In the end, thank it

Your ego is one of your greatest mirrors. It doesn’t hide and it doesn’t lie. You will either like its reflection or you won’t. And in either case, you’re in complete control. You can choose to hate it and try to destroy it. But understand you are simply hating and trying to destroy a piece of yourself. A piece that will continue to exist long after your futile attempts have fizzled out. You can also choose to respect it and even to love it. I often find myself thankful for the reflection of my ego. Every time it shows up it gives me an opportunity to grow and step into an even more aligned version of myself. I celebrate its presence and unravel it with integrity. And then I thank it for showing me up and providing me with the opportunity to better myself. And you know what. I find that it shows up a lot less now that we have a respectful relationship. My ego doesn’t have to fight to get to center stage. The stage is already presented and ready for it to step up whenever it feels the need to be seen. My commitment is to see it. To explore it. To unravel it. And ultimately to understand it. After all, it’s a piece of me. And I deserve to be seen and understood, especially by myself.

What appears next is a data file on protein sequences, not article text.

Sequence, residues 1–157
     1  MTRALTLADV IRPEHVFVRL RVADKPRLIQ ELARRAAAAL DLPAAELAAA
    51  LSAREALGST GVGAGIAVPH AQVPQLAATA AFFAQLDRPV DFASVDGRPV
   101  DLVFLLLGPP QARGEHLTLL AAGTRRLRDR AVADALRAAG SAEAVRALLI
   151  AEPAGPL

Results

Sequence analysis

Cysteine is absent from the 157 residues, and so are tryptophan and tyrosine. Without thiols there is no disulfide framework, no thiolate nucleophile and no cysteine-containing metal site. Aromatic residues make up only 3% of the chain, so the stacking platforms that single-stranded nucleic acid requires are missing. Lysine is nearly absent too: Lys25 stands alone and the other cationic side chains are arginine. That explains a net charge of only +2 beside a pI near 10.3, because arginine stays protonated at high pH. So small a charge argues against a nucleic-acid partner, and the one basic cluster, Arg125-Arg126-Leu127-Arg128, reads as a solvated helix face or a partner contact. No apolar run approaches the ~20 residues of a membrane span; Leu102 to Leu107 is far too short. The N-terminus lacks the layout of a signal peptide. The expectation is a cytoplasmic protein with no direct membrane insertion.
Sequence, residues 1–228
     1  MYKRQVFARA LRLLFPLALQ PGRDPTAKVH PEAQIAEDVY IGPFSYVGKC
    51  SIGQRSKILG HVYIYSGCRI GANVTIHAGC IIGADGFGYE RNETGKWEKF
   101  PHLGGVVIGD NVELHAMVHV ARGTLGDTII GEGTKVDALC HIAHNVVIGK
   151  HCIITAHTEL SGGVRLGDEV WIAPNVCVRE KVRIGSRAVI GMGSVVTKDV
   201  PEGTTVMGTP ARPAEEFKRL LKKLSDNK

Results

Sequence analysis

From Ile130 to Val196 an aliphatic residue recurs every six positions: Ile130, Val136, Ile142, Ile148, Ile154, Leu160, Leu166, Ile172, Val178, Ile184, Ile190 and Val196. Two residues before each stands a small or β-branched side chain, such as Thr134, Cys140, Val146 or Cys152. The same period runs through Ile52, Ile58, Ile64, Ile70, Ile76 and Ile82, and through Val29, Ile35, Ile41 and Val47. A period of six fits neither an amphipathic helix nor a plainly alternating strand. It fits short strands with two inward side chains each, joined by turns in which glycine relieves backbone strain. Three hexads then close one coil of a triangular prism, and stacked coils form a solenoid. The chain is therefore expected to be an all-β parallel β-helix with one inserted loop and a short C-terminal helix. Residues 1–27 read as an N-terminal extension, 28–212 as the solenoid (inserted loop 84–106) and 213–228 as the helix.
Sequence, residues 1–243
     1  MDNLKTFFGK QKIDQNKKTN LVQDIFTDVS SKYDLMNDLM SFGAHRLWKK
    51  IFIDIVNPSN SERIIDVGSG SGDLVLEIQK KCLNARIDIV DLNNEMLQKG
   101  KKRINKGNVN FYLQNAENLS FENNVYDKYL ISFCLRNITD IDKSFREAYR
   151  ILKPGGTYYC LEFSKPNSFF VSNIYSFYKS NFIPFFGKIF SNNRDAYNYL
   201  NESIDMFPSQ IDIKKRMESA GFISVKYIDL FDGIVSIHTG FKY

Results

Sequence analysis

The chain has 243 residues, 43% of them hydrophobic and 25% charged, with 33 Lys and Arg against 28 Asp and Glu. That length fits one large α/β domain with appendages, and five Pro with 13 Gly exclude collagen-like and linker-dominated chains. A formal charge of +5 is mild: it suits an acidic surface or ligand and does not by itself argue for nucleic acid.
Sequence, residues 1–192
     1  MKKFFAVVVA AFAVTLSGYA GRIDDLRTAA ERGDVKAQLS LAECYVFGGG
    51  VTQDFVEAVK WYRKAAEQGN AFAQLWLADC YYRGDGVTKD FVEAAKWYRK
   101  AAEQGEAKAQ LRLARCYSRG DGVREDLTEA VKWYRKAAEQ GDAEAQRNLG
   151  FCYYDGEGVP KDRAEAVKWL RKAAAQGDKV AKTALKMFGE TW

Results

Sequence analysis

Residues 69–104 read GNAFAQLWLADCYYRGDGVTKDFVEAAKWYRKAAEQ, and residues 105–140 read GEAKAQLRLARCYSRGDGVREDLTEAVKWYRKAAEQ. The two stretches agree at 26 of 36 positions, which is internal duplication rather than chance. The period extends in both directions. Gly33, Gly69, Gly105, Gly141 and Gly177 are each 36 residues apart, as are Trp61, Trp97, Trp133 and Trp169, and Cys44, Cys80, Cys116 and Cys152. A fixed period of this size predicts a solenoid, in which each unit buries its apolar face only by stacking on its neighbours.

I’ve seen too many leaders take on their ego in an all-out war only to find themselves overwhelmed and frustrated by their progress. And sometimes this morphs into a judgemental and self-loathing relationship with self that is damaging and serves the opposite purpose of personal development. The answer is never going to be to hate some piece of yourself. We have to see through that old storyline of destroy, destroy, destroy. And instead look for our opportunities to create, create, create. When we recognize that we are the creator of our ego and therefore have the ability to evolve it into its highest potential we shift into an empowering relationship that allows us to be in alignment with our service to self and others. And that’s when we bring our best selves to the world.